Another major problem for the KMT is that it is also extremely divisive internally within the party. Many KMT legislators from the north and local executives such as the Taipei mayor are openly opposed to the plant. With the exception of Premier Jiang there is likely to be a shortage of KMT politicians that will openly come out in support of the plant. Thus once the next election campaign begins in earnest in early 2014 the KMT may appear divided.
Even the KMT has gradually shifted its nuclear stance. It has agreed to first phase out the three existing ageing nuclear power stations and it is hard to imagine a fifth nuclear power station being considered. However, the Fourth Nuclear Power Plant has been a core KMT economic pledge of the party for the last two decades. As Nathan Batto has noted, “If the public repudiates 4NPP, they will effectively be saying that the policy the KMT has been doggedly pursuing over the past 20 years was not just wrong, it was so wrong that voters are willing to stomach wasting billions of dollars to reverse it. Don’t think that voters will simply forgive the KMT for all that money.” Thus defeat in the referendum would seriously undermine its morale for the 2014 and 2016 elections and as Batto notes, “if President Ma loses a referendum this summer, he might as well just tattoo “lame duck” across his forehead.”
One possibility is that the KMT has placed the issue on the agenda to distract attention away from less favourable issues. The fact that Ma was forced to change premiers less than a year into his second term reflects widespread disappointment with government performance so far. Moreover, dissatisfaction is even strong amongst KMT supporters. Another dimension in the loss of popularity since being re-elected has been the impact of the Lin Yi-shih (林益世) corruption scandal that emerged in the summer of 2012. Lin had been the Executive Yuan’s Secretary General and a close associate of Ma’s and the scandal severely hit the KMT’s party image.
As Batto has suggested the only way for the KMT to really profit from the referendum will be to actually win it. However, it will be a genuine challenge to shift public opinion to the required degree by what are already an unpopular president, government and divided party. Naturally the party will try to sway voters by arguing the economic necessity of the plant and how halting construction would lead to power cuts and price rises. Of course it is possible the KMT will manage to persuade the public. We should recall that Ma did manage to recover from satisfaction rates of about 16% in late 2009 to win re-election in 2012.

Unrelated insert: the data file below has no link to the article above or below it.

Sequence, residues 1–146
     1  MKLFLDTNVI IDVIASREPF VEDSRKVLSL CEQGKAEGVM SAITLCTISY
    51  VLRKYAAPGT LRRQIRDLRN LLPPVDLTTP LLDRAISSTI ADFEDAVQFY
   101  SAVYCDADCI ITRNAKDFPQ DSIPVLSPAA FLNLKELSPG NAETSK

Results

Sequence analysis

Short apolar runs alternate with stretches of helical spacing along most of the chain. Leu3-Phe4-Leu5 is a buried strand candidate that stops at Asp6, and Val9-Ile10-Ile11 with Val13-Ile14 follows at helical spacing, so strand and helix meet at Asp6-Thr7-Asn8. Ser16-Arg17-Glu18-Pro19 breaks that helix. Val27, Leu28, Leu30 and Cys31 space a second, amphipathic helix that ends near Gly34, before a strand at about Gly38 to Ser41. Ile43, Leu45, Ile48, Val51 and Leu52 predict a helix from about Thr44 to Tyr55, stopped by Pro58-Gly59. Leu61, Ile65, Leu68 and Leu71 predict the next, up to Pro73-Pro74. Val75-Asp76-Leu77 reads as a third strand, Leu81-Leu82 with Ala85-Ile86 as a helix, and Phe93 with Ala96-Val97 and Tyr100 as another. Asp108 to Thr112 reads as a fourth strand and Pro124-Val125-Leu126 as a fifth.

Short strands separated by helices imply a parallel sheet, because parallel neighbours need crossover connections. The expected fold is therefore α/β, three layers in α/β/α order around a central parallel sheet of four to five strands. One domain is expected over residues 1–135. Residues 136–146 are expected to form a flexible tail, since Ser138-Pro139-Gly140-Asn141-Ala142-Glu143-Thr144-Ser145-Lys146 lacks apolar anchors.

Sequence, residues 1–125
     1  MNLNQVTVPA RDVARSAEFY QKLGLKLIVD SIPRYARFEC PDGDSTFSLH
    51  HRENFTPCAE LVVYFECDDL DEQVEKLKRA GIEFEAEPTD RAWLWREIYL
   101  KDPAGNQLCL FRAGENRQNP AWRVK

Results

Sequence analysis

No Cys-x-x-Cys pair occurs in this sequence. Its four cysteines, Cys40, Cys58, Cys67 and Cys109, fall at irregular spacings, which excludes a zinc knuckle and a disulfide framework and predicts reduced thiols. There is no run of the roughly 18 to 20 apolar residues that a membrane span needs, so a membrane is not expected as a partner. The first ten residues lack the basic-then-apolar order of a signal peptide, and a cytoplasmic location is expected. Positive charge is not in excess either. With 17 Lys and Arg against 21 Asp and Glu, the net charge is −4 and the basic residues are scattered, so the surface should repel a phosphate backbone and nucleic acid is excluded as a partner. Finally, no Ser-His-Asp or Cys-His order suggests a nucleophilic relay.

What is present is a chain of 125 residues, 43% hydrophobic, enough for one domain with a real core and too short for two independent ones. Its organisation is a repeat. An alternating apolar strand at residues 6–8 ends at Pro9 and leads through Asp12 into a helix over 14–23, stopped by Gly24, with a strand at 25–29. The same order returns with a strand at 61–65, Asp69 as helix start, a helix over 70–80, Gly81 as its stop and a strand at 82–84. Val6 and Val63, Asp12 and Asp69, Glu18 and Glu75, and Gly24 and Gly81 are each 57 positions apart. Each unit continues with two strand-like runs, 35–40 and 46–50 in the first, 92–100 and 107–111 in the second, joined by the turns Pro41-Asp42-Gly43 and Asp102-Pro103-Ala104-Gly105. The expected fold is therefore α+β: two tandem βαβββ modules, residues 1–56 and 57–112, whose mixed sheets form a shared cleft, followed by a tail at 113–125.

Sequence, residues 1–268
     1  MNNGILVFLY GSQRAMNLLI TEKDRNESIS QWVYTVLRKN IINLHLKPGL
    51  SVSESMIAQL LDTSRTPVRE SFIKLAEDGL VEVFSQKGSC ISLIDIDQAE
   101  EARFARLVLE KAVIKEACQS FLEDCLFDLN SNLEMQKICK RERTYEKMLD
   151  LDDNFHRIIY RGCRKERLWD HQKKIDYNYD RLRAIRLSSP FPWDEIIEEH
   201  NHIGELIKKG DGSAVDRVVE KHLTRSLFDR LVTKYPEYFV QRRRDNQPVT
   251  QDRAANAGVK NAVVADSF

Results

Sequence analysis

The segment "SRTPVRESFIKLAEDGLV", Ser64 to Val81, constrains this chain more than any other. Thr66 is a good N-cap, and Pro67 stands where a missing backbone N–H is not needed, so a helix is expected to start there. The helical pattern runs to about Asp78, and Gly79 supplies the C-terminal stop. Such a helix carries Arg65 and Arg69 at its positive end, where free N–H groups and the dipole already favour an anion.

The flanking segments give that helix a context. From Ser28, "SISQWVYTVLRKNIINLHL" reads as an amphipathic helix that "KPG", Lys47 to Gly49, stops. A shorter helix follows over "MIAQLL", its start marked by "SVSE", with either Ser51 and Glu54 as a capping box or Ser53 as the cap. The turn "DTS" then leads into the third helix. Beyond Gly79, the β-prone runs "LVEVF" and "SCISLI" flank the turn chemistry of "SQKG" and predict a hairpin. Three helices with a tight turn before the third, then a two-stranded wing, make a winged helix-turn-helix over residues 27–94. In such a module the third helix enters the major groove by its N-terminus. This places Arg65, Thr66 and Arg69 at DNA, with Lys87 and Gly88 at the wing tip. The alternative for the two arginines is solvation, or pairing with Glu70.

Lastly the referendum presents challenges to the anti nuclear community in Taiwan. Although the DPP is likely to play a leading role in supporting the referendum bid, it also has a chequered record on the issue. It failed to stop the project when in office and was unable to engineer a referendum at the time. This record has led many in the environmental movement to be highly suspicious of the DPP’s green credentials. The salience of the nuclear issue this year presents the environmental movement with the chance to raise environmental awareness and to develop as a political force. In 2012 Taiwan’s Green Party gained 1.7 percent of the national vote, coming in as the fifth most popular party. The politicization of the nuclear issue offers it the possibility to emerge as a party that actually can win seats in the same was as Green Parties have in Europe. It would be a major development for Taiwan’s party system to see a party in parliament not based on the national identity spectrum.
Dafydd Fell is Reader in the Department of Politics and International Studies at the School of Oriental and African Studies (SOAS). He is the author of Government and Politics in Taiwan.